AllThingsD have some live coverage from a just-held Microsoft event, where they talked about their upcoming Windows Store that features in their next OS, Windows 8. Windows President Steven Sinofsky was on hand, as well as Windows Web Services VP Antoine Leblond.
Both took the stage and talked up the Windows Store, where a fair amount of information was unleashed onto the public. First off, Microsoft are promising the best economics of any app store by saying "we're going to give you a bigger bite of the apple". I don't know if that could be put in better words, but I love it.
Leblond recapped that Microsoft is proud to have Windows 8 working on ARM and x86 chips, small and big computers, with "it's the biggest and most significant developer opportunity ever", he promised. Windows Store is set to offer some differences to what the Apple App Store and Google Android Market offer, by giving free trial versions of apps, Leblond says "the best advertisement for your app will be the app itself," and I totally agree.
Where did the days of shareware go?
Leblond also reiterated the scale of Windows, noting that there are more than 1.25 billion PCs on the planet, saying "it's a ridiculously huge number", noting that there are more PCs on Earth than cars. He also added that there will be more than 400 million new x86-based PCs in the next 12 months. Leblond also compared "apples to apples to apples", with Windows, Apple and Android number sales over the last two years.
Microsoft have shipped an amazing 500 million Windows PCs since Windows 7 went live, compared to 247 million Android devices, 152 million iOS devices and just a paltry 30 million Macs. He says "the reach of Windows is just so much bigger," noting that if you added up all of the rivals and combined the numbers, it still doesn't add up to the number of Windows-based machines sold.
Leblond also stated that Microsoft will localize the store in all the languages that Windows is localized in (more than 100) payment mechanisms in 230 markets. In the top 40 markets, they will have local pricing and will pay developers in 20 different currencies. Leblond also takled that rivals have "too many constraints," specifically pointing toward how Apple stands between publishers and their customers by taking 30-percent.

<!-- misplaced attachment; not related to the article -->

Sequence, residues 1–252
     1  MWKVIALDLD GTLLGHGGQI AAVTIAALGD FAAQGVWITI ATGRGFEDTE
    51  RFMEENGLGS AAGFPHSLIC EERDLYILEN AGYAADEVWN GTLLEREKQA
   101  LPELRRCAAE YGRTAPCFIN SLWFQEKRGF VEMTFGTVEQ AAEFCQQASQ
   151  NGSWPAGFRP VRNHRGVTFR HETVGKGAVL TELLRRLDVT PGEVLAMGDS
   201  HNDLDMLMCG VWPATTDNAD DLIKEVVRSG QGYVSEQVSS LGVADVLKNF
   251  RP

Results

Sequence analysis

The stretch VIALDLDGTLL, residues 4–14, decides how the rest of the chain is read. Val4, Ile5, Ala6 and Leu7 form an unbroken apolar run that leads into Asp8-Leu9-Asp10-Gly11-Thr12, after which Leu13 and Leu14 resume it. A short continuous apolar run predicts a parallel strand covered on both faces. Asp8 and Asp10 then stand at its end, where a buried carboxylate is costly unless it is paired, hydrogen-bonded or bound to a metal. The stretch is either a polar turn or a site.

Leblond says "we're going to be taking a different approach," where there'll be mechanisms for in-app purchases and trial apps built into the store. A demo from The Daily Telegraph was shown, where it was able to handle its own subscription back-end using its authentication and purchasing mechanisms, something that Apple just doesn't allow. Leblond adds" it's not an app you could have on the iPad," at least without giving Apple a cut and using their authentication and payment mechanisms.
Microsoft also discussed their application approval process, saying that there are two extremes. Android Market has virtually no checks ahead of launch, but then Apple has a stringent, sometimes opaque process. Microsoft wants to sit in-between this too easy, but not too hard process. Where they'll offer developers the tools Microsoft will use to check their code. "It is the same checks that we are going to use," says Leblond.
What cut will Microsoft take from the app purchasing? Leblond said the goal was to return most money to developers, where pricing can be from $1.49 to $999.99, "a thousand bucks is just too much for an app," he said. Microsoft will start by taking a 30-percent cut, but after the app makes $25,000 in sales and in-app purchases, Microsoft will drop this amount to 20-percent.
Google's Chrome Web Store for comparison sake takes 5-percent, Mac and iOS app stores grab 30-percent.
Store will debut with the beta of Windows 8 which is slated for late February 2012.
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